On the other hand, if he does need the instrument for use in his lab - there is also the issue of calibration. A homebrewn solution might not or cannot be used to publishing research findings. There is a reason why the Voltage references in many such high end gear are aged and chosen. It takes manpower, time and the equipment to characterise a semiconductor, device, instrument etc. It costs a lot of money. Money, which should eventually be borne by the customer that needs that specific kind / range of performance. And being a company they need to make money and profits. If that makes the high end stuff, a sour grape for most then that is the sad truth. After all, that is the secondary goal for a company (money), the primary goal - being good at what they do.


I am not saying that homebrewn / DIY solutions won't work. I am saying that for the specs he has mentioned, he would be hard pressed to do it for any cheaper ( in terms of direct, indirect expenditure, time - however you choose to see it). IIRC there was such a similar thread about one of the HP multimeters 3458?? or so I think. Free_Electron wrote a post about it.


@the budget part
I meant a hobbyist budget. I should have been more clear in my original post. My bad.  :-[
« Last Edit: November 01, 2015, 02:13:20 am by krish2487 »
If god made us in his image,
and we are this stupid
then....
 

Offline Gyro

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Re: Nanoammeter circuit
« Reply #11 on: November 01, 2015, 02:35:03 am »
Hmm, I'm sure you didn't MEAN to be (or at least sound) condescending, but that's exactly how that post reads, hard to interpret it any other way. The OP probably needs to clarify, but he says has a specific measurement requirement that doesn't need the power of a comprehensive instrument and he also says that he doesn't have the budget for such an instrument (Research labs have budget restrictions too in today's world).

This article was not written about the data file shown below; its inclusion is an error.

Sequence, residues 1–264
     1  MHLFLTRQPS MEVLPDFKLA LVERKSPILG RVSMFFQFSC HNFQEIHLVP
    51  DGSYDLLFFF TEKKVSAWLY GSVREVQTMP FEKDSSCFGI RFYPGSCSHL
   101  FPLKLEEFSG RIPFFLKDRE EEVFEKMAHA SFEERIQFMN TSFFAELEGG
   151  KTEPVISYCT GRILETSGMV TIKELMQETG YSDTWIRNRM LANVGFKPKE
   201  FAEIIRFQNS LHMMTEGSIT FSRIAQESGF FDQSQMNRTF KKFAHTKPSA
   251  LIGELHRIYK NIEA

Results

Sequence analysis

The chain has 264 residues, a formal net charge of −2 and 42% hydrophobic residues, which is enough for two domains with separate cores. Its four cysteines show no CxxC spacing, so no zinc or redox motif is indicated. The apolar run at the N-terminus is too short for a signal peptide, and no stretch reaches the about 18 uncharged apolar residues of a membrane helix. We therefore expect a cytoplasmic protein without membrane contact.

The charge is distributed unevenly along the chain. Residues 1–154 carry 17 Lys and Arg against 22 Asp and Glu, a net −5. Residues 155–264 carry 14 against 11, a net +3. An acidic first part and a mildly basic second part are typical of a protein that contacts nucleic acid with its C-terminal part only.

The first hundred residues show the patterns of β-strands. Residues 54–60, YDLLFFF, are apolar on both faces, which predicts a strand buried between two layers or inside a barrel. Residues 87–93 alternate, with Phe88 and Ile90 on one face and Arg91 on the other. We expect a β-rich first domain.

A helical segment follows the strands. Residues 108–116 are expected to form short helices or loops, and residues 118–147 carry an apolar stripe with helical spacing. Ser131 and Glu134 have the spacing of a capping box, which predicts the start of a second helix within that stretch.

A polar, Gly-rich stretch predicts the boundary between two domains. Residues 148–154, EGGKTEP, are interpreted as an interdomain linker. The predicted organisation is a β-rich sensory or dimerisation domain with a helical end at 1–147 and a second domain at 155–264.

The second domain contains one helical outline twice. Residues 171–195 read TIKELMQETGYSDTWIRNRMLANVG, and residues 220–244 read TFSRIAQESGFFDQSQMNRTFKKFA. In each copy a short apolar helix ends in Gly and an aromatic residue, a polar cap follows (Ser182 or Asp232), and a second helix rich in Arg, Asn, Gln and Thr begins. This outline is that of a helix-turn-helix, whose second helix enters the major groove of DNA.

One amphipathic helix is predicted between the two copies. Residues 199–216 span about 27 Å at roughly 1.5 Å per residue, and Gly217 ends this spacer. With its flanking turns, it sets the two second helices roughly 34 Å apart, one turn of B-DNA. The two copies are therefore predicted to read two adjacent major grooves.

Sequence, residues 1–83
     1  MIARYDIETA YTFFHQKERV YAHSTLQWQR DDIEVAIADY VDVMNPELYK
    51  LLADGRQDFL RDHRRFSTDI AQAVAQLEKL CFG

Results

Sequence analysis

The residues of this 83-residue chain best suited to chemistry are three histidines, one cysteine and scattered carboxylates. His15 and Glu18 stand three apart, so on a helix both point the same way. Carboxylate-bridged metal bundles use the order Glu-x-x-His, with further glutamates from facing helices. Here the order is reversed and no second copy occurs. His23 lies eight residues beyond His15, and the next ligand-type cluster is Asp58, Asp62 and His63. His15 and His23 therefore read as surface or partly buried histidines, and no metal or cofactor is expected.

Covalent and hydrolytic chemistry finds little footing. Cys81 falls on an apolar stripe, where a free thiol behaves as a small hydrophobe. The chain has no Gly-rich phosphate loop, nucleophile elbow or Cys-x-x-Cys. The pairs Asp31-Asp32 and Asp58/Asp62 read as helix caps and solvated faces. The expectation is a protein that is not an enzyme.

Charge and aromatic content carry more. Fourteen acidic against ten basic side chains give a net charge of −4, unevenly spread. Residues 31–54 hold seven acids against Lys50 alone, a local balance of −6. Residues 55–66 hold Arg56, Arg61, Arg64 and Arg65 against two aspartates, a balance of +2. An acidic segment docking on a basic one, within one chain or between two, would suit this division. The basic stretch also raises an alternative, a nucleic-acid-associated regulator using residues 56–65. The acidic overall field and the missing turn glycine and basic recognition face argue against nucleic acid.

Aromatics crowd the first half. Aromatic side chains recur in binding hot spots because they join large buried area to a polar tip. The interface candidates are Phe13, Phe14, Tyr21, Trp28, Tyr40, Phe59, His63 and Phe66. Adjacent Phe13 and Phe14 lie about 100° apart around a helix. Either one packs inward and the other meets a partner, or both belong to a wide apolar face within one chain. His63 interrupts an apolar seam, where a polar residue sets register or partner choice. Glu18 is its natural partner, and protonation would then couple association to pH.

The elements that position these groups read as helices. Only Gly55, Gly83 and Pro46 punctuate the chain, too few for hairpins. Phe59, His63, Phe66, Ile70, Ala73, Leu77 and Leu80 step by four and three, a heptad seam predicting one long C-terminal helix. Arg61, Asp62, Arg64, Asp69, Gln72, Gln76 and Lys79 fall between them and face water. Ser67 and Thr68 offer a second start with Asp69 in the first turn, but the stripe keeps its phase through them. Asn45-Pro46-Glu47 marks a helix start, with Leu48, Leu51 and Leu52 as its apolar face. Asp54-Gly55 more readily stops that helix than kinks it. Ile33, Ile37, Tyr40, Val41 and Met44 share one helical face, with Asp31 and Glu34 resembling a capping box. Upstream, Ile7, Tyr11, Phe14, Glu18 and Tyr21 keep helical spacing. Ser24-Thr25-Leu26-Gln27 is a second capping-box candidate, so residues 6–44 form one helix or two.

The OP is asking for ideas and reading materials at this point. Only he knows his requirements in terms of accuracy and tractability for this particular task - maybe he can clarify further???

Anyway, hopefully this exchange has clarified some of the things that he has to think about in terms of his particular requirement.  :)

Oh, by the way....

@ shishirk, As nobody else has mentioned it so far, the standard reference for  measurements of this type is the 'Keithley Low Level Measurements Handbook' currently in its 7th Edition. You can download it free from the Keithley website if you enter your details, but it is easy to find on the web too.
« Last Edit: November 01, 2015, 02:39:28 am by Gyro »
Chris

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Online krish2487

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Re: Nanoammeter circuit
« Reply #12 on: November 01, 2015, 03:12:07 am »
@gyro
My apologies for coming off as an ass. To the op too.

I might actually point out that the little details the op has shared can hardly be classified under "beginners" section. Hence my strongly (but wrongly ) worded reply.

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and we are this stupid
then....
 

Offline Gyro

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Re: Nanoammeter circuit
« Reply #13 on: November 01, 2015, 03:33:24 am »
...and my apologies for having a rant, I'm usually better behaved  :-[ As I said, I suspect that the OP has probably gained some useful insight into the issues potentially involved!


@ shishirk,  I've just been re-reading your post too. I noted the bit right at the bottom "The interfacing etc should not cause too much of a problem (e.g. optically decoupled USB/RS232/Wifi links)."  Hopefully you understand that you're going to need at least a basic dvm with whatever interface you need in order to take the output of a nanoammeter type circuit (eg. transimpedance circuit). Hopefully you already have have something for this. Extending the design to include an ADC and interface would certainly be prohibitive in cost of time spent.




Chris

"Victor Meldrew, the Crimson Avenger!"